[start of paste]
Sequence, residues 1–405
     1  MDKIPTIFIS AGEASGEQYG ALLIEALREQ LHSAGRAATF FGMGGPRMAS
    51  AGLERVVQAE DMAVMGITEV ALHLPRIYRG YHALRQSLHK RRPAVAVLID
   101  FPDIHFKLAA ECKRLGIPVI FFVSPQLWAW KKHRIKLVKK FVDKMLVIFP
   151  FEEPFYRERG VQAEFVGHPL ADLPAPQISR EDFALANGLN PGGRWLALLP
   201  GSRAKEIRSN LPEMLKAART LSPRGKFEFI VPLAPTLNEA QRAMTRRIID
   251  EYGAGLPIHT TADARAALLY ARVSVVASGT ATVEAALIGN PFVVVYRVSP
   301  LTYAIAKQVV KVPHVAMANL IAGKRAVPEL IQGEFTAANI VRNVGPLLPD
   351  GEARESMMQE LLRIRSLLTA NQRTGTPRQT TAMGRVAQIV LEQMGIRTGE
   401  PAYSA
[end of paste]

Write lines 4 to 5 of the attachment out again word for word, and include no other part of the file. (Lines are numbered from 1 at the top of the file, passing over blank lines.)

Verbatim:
   101  FPDIHFKLAA ECKRLGIPVI FFVSPQLWAW KKHRIKLVKK FVDKMLVIFP
   151  FEEPFYRERG VQAEFVGHPL ADLPAPQISR EDFALANGLN PGGRWLALLP